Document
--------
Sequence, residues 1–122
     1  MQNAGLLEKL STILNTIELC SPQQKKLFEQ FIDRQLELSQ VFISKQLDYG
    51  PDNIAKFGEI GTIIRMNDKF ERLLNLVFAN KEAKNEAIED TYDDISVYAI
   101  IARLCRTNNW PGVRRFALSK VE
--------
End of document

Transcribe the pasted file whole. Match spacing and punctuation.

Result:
Sequence, residues 1–122
     1  MQNAGLLEKL STILNTIELC SPQQKKLFEQ FIDRQLELSQ VFISKQLDYG
    51  PDNIAKFGEI GTIIRMNDKF ERLLNLVFAN KEAKNEAIED TYDDISVYAI
   101  IARLCRTNNW PGVRRFALSK VE